The Matsya Purana (critical study)

by Kushal Kalita | 2018 | 74,766 words | ISBN-13: 9788171103058

This page relates ‘Andhaka Dynasty’ of the English study on the Matsya-purana: a Sanskrit text preserving ancient Indian traditions and legends written in over 14,000 metrical verses. In this study, the background and content of the Matsyapurana is outlined against the cultural history of ancient India in terms of religion, politics, geography and architectural aspects. It shows how the encyclopedic character causes the text to deal with almost all the aspects of human civilization.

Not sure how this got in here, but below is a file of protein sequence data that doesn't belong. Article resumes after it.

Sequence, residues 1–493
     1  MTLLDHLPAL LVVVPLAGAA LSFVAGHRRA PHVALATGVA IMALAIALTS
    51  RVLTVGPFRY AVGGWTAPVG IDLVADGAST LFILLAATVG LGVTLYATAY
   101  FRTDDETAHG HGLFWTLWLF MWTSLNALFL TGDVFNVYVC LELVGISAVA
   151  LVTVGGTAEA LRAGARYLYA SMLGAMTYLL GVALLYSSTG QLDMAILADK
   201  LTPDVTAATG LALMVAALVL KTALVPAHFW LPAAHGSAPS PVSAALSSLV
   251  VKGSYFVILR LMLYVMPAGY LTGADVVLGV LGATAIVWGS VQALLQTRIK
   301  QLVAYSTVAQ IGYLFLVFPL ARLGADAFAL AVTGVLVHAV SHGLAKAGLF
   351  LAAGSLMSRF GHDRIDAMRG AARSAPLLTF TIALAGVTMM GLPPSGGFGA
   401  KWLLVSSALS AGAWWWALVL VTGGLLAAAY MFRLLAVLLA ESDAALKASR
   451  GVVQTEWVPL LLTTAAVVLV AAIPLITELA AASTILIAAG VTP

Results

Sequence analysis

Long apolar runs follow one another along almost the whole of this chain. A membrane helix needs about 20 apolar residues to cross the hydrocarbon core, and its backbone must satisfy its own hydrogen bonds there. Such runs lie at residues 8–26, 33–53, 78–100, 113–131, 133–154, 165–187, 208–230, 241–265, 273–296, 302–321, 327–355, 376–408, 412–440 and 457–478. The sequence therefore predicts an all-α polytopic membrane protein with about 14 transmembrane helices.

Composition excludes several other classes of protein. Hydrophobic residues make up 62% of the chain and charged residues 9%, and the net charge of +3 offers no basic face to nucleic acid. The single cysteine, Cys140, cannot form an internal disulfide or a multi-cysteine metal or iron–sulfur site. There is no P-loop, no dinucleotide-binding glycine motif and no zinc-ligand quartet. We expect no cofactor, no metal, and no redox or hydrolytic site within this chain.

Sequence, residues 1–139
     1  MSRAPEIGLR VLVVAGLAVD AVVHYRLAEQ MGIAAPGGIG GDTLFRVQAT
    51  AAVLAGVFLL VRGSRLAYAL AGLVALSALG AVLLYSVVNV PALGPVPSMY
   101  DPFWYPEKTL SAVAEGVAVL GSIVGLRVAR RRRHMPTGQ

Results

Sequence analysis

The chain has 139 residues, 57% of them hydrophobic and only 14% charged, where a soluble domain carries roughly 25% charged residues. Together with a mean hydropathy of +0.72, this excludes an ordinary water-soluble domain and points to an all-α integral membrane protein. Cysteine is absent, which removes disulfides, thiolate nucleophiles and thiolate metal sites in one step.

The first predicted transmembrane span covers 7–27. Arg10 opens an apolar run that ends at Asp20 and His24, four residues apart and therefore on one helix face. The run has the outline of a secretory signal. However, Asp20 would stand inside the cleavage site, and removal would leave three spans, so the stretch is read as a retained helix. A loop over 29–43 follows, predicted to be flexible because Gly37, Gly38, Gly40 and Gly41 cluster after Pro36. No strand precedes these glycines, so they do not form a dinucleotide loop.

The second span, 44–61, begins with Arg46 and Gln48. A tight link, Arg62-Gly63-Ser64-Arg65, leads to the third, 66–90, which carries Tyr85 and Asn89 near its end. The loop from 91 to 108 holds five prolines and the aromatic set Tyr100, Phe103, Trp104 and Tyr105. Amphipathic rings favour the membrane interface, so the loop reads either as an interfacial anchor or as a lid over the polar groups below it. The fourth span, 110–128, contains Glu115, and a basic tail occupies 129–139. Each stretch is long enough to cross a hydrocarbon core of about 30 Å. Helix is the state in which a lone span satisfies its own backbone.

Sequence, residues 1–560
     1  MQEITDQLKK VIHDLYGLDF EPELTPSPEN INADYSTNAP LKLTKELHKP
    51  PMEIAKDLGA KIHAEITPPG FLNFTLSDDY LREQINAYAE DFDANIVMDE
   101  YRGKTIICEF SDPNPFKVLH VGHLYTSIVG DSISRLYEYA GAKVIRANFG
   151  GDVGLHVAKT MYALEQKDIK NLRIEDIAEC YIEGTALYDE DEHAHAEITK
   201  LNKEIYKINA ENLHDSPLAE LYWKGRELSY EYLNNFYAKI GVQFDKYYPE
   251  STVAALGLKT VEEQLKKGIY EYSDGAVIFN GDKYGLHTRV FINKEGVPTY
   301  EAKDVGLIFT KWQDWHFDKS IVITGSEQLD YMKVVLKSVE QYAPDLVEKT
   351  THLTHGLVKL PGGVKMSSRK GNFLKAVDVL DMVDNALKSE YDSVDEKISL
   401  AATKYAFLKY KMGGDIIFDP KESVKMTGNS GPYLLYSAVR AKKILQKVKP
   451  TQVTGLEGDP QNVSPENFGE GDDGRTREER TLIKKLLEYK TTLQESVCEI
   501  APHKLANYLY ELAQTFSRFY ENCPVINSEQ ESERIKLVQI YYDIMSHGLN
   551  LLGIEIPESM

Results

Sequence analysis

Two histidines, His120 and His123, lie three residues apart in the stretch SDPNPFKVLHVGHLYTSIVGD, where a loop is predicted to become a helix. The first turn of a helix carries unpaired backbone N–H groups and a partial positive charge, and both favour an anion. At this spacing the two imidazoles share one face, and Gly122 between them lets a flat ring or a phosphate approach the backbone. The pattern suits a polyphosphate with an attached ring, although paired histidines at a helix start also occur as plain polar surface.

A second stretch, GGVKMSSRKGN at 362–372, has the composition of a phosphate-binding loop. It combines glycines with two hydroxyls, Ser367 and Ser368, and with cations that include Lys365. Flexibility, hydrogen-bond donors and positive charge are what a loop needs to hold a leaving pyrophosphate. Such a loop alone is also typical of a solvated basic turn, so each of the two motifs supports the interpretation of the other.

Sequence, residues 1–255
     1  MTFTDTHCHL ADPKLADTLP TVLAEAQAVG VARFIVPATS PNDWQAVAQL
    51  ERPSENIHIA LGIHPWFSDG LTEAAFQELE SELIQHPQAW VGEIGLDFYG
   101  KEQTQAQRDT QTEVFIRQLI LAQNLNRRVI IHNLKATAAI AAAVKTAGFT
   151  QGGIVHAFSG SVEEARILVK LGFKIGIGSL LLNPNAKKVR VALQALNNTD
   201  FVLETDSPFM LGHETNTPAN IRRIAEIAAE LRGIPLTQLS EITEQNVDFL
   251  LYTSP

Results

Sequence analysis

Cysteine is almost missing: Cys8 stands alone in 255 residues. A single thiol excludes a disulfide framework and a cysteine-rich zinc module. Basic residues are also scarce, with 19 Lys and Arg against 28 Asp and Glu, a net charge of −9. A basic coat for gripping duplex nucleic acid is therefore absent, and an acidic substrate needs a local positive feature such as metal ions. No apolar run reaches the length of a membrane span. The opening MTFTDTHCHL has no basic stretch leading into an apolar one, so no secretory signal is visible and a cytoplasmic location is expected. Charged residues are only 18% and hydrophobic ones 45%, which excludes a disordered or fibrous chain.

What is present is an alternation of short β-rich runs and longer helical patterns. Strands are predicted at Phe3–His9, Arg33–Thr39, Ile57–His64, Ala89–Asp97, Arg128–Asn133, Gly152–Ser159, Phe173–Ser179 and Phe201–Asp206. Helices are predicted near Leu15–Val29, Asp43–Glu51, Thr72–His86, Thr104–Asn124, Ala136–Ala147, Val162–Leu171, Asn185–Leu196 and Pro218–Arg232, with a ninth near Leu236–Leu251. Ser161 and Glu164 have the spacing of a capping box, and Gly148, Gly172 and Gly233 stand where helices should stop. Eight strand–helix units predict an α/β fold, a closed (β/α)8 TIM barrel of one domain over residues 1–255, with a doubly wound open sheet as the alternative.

According to the Matsyapurāṇa Bhajamāna, the son of Sātvata begot Viduratha. He had a son named Rājādhideva.[1] Śonāśva and Śvetavāhana were the two sons of Rājādhideva.[2] Śonāśva had five sons Samī, Devaśarmā, Nikunta, Śatru and Śatrujit.[3] They all are experts in war. Samī was the father of Pratikṣatra who has a son named Pratikṣetra. The later was succeeded by his son Hṛdika.[4]

Hṛdika had ten sons:

  1. Kṛtavarmā,
  2. Śatadhanvā,
  3. Devārha,
  4. Nābha,
  5. Bhīṣaṇa,
  6. Mahābala,
  7. Ajāta,
  8. Vanajāta,
  9. Kanīyaka and
  10. Karambhaka.[5]

Devārha had a son named Kambalavarhiṣa. Kambalavarhiṣa begot Asamañjā. Asamañjā was succeeded by his son Tamojā. On the other hand Hṛdika’s another son Ajāta had three sons viz., Sudanṣṭra, Sunābha and Kṛṣṇa.[6] This dynastic lineage is known as Andhakas.[7]

Footnotes and references:


Ibid., 44.77




Ibid., 44.79-80


Ibid., 44.80




Ibid., 44.78-84



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